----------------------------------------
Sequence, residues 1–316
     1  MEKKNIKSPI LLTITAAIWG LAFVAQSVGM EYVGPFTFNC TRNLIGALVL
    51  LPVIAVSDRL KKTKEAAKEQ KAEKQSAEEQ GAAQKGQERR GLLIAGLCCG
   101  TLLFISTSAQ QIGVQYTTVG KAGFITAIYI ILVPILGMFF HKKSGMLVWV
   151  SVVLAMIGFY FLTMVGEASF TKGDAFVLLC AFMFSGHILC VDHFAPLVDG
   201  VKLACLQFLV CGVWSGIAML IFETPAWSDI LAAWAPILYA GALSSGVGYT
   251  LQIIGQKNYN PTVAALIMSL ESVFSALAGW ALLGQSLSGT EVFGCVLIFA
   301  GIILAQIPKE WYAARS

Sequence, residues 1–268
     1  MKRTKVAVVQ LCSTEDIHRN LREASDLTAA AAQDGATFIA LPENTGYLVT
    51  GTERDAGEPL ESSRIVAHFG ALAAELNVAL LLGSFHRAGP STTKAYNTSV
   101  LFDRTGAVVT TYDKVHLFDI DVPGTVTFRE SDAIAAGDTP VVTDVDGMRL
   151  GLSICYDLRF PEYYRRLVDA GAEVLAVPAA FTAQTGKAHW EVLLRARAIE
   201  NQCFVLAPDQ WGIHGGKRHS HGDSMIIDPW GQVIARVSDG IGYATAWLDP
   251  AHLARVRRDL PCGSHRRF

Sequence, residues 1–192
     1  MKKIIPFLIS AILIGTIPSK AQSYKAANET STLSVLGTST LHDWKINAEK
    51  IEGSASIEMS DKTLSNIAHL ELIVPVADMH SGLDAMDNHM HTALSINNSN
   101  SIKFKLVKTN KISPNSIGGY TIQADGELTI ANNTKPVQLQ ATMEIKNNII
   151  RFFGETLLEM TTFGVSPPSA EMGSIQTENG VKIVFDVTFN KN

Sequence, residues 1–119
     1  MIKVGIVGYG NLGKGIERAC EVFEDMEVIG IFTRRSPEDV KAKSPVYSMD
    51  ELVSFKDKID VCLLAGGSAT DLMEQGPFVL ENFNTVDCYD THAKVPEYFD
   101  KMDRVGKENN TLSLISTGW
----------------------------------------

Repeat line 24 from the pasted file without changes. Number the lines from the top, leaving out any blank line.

   101  KMDRVGKENN TLSLISTGW